Dr Musokotwane said expenditures are projected at 24.1 percent of GDP with 3.4 percent financed using foreign grants and loans.

He said wages will decline slightly to 7.9 percent of GDP from 8.1 percent while domestically financed expenditures or the social sectors and infrastructure development in the transport sector will increase to 50 percent of the budget compared to 35.7 percent in 2010.

He said the budget outlay for maize purchases will be K653 billion, a reduction of 46 percent in 2011 (about 0.6 percent of GDP) compared to 2010.

The overall fiscal deficit (including grants) has been projected to decrease to 2.9 percent of GDP from 3.1 percent recorded in 2010.

Dr Musokotwane said domestic financing will be limited at 1.3 percent of GDP, which is 1.5 percentage points below the outturn in 2010.

And Government intends to issue its sovereign bond in the second half of this year.

Dr Musokotwane said the bond issue will be used on infrastructure development, in particular roads and power projects.

“In this context, the government will carefully consider maturity and exchange rate risks, and the debt sustainability and cashflow implications,” he said.

Zambia was in March this year assigned a sovereign credit rating of B+ by Fitch and Standard and Poor’s Ratings.

Dr Musokotwane said Government intends to take appropriate measures for a successful bond issue, which include the procurement of legal and financial advisors, the use of collective action clauses and will consider phased issuance.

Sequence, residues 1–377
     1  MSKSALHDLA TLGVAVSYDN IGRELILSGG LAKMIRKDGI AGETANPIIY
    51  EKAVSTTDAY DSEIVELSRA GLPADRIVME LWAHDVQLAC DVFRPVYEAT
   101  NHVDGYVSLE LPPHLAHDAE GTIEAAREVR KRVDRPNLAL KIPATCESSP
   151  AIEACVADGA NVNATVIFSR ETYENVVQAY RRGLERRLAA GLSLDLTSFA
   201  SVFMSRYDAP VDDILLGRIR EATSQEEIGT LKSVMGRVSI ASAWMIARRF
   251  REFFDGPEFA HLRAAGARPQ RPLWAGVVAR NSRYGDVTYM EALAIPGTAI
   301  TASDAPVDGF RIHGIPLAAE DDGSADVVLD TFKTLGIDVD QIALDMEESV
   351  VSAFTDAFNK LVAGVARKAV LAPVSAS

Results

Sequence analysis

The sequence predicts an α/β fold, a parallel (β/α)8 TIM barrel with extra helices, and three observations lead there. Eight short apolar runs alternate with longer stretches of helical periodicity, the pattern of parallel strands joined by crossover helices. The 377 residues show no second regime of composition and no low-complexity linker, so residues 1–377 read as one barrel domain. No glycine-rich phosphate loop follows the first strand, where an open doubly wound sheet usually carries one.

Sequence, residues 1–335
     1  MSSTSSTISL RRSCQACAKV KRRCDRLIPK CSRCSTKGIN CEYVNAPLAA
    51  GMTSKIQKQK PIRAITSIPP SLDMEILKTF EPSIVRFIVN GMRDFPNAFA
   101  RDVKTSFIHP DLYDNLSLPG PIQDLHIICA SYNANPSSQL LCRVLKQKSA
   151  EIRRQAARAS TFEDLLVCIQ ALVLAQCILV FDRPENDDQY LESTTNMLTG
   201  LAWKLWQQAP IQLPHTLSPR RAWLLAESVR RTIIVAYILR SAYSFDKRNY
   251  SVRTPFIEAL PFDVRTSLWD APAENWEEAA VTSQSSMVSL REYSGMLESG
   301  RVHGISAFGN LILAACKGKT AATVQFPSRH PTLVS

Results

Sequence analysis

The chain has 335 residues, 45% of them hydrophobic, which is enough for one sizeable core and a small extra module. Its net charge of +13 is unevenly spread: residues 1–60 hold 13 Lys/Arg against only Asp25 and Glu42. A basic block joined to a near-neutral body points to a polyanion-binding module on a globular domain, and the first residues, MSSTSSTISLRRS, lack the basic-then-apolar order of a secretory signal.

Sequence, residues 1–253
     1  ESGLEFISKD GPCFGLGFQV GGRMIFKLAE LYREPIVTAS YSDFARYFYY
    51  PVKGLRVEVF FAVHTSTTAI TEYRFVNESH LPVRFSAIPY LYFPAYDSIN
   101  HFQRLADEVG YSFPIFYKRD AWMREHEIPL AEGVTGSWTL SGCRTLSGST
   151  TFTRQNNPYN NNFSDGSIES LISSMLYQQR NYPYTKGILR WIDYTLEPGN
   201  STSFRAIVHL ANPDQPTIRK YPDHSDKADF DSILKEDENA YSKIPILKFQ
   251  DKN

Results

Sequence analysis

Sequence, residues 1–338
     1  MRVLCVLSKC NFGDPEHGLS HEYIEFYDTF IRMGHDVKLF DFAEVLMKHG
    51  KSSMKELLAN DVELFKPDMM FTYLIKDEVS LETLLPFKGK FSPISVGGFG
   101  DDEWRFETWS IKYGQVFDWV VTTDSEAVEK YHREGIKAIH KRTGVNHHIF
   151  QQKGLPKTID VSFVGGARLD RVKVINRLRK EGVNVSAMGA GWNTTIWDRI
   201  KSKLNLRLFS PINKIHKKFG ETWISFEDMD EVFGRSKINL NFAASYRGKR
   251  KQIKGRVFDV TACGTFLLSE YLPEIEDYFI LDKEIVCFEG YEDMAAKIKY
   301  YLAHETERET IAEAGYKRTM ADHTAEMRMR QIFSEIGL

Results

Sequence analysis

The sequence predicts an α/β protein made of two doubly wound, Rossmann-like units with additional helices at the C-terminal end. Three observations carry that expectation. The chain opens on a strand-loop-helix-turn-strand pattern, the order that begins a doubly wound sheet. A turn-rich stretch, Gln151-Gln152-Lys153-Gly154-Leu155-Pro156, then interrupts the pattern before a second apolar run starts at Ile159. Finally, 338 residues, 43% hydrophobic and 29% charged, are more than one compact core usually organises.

[Zambia Daily Mail]

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131 COMMENTS

  1. Good move even if its to late.i hope you are not just talking to attract sympathy & votes from poor workers.

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  2. Don’t be too technical for nothing we want these figures to be translated in meaningful life of a common man and a poor civil servant. Dont preach that the economy is doing fine,i’ll tell u when we get the benefit

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  3. Hehehehehe Yaba! Ayamba kuba ma policies ya “Lower Taxes, More Jobs and more Money in your Pocket!” Old man u r our dullest finance minister ever. As some1 advised don’t be too technical for nothing

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  4. i thought the Current first K1000, 000 is exempt from Pay-As-You-Earn (PAYE).?? this is all lies by the mmd……….yaba !!!